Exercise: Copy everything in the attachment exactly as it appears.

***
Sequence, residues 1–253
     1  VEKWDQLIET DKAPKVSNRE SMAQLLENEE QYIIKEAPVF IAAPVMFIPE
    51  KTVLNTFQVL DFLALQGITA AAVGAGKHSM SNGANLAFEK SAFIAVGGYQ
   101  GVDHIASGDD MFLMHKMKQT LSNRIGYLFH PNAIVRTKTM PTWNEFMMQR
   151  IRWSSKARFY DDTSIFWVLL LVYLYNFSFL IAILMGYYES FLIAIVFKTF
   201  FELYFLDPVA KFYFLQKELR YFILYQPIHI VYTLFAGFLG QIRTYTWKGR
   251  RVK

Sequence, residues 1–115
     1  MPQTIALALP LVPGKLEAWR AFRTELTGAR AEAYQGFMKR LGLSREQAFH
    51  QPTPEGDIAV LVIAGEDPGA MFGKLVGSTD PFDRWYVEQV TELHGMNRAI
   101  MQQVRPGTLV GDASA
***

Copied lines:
Sequence, residues 1–253
     1  VEKWDQLIET DKAPKVSNRE SMAQLLENEE QYIIKEAPVF IAAPVMFIPE
    51  KTVLNTFQVL DFLALQGITA AAVGAGKHSM SNGANLAFEK SAFIAVGGYQ
   101  GVDHIASGDD MFLMHKMKQT LSNRIGYLFH PNAIVRTKTM PTWNEFMMQR
   151  IRWSSKARFY DDTSIFWVLL LVYLYNFSFL IAILMGYYES FLIAIVFKTF
   201  FELYFLDPVA KFYFLQKELR YFILYQPIHI VYTLFAGFLG QIRTYTWKGR
   251  RVK

Sequence, residues 1–115
     1  MPQTIALALP LVPGKLEAWR AFRTELTGAR AEAYQGFMKR LGLSREQAFH
    51  QPTPEGDIAV LVIAGEDPGA MFGKLVGSTD PFDRWYVEQV TELHGMNRAI
   101  MQQVRPGTLV GDASA